Underachiever: Pavel Zacha
When examining Pavel Zacha’s second season in the OHL, it was good, but not great. The Cezch Republic native improved all parts of his game that Devils management wanted to see improved: offensively, defensively, and maturity. Scoring 64 points in 51 games is nothing to scoff at, but there was a sense he could have done more. Minor injuries seemed to slow him down in the middle of the season, especially during the World Junior Championship where he was lackluster. Also, when compared to players his age group taken in the 2015 draft, like Travis Konency, Zachary Senyshyn, and Blake Speers, all of them had better production than the sixth overall pick in their draft class.
Numbers are obviously one thing and are not the overall indicator of a player’s worth or performance. At the end of the season, Zacha was in top form and showed it in the first round of the OHL playoffs. He scored 13 points in seven games and almost won the series for Sarnia, but Sault Ste Marie prevailed. After signing an amateur-tryout contract with Albany, Zacha has maintained his quality form, adding another threat to the Devils lineup during the AHL playoffs. No matter how anyone examines this season, including this writer, it was a success because it matured Zacha, preparing him and building him up to where he is now ready for the pros.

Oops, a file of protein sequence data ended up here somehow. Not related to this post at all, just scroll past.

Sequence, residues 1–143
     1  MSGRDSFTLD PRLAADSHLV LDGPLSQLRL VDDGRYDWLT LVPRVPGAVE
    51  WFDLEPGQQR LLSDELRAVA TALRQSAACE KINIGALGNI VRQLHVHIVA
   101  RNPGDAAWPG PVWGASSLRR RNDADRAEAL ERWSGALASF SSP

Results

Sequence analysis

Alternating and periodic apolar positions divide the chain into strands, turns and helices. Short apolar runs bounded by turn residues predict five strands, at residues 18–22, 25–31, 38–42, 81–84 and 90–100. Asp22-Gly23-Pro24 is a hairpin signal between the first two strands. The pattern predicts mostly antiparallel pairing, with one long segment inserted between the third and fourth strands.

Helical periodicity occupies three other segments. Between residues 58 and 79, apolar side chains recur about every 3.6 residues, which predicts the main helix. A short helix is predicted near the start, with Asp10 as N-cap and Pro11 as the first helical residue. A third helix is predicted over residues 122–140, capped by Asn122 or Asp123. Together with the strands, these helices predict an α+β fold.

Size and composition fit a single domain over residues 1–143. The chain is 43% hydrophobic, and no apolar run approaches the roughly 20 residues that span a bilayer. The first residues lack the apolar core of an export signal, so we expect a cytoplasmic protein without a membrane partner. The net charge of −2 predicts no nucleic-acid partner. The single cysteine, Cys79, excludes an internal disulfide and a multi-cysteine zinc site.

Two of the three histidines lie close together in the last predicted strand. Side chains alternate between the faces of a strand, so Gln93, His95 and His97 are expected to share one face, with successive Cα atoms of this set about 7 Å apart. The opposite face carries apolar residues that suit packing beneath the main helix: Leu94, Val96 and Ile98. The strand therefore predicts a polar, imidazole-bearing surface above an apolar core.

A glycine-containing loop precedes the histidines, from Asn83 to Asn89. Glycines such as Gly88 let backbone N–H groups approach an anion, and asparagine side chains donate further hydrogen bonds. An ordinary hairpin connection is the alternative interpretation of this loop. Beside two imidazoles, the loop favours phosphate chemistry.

Highest Risk/Reward: Raman Hrabarenka
The question of whether Raman Hrabarenka can become an NHL player is muddier than it was last year. The biggest need on New Jersey’s blue line is for a punishing defensive defenseman. Hrabarenka provides just that with his 6’4”, 230-pound wrecking ball of a body. He also provides an offensive presence with the puck and can chip in on the power play. However, the two-way defenseman has faced setbacks due to injuries in the last two seasons. Also, it does not seem that he has excelled in one area of his game over the other. It is good to be an all-around player, but Coach Hynes alluded to the fact that they want Hrabarenka to specialize in an area that he can build off of to propel him into the pros. It is likely he meant Hrabarenka’s size. The Belarus native is capable of playing bottom-pairing minutes, but now with Santini turning pro, he has competition that could steal his opportunity at the top level.
New Jersey Devils Prospect of the Month, April, 2016
Pavel Zacha, C/W, Sarnia Sting/Albany Devils
The past few weeks have been hectically optimistic for Pavel Zacha. He finished the regular season with 13 points in Sarna’s last seven games, stepping up when his team needed him to in the final stretch of the regular season. In the first round of the OHL playoffs against Sault Ste Marie, there was no one better than him. This was top-form Zacha, the dynamic threat that the Devils hope to see more of in the pros. In the seven game playoff series against the Greyhounds, he scored six goals and seven assists. Finally, he capped it off by singing his ELC and played in his first NHL game, racking up two assists and playing alongside his idol Patrick Elias. Zacha is now in Albany where he will be relied upon to help the Devils in their postseason push to the Calder Cup.